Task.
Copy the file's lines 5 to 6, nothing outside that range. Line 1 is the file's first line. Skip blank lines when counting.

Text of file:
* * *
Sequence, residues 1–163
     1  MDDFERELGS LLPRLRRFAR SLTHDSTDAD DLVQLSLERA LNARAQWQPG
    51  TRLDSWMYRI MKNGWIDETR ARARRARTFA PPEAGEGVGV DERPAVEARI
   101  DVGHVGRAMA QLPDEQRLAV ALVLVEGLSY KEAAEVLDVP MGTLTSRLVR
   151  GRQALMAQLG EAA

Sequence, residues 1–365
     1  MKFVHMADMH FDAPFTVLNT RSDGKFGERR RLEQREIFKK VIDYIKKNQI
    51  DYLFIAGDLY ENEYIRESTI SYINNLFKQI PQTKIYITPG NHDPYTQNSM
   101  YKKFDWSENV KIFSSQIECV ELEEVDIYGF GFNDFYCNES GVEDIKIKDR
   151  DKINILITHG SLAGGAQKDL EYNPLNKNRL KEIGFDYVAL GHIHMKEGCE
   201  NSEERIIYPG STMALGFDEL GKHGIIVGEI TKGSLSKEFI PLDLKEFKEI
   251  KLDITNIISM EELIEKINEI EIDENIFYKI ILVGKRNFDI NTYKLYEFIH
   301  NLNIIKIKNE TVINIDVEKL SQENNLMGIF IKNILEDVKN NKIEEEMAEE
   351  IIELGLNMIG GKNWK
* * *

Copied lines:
   151  GRQALMAQLG EAA

Sequence, residues 1–365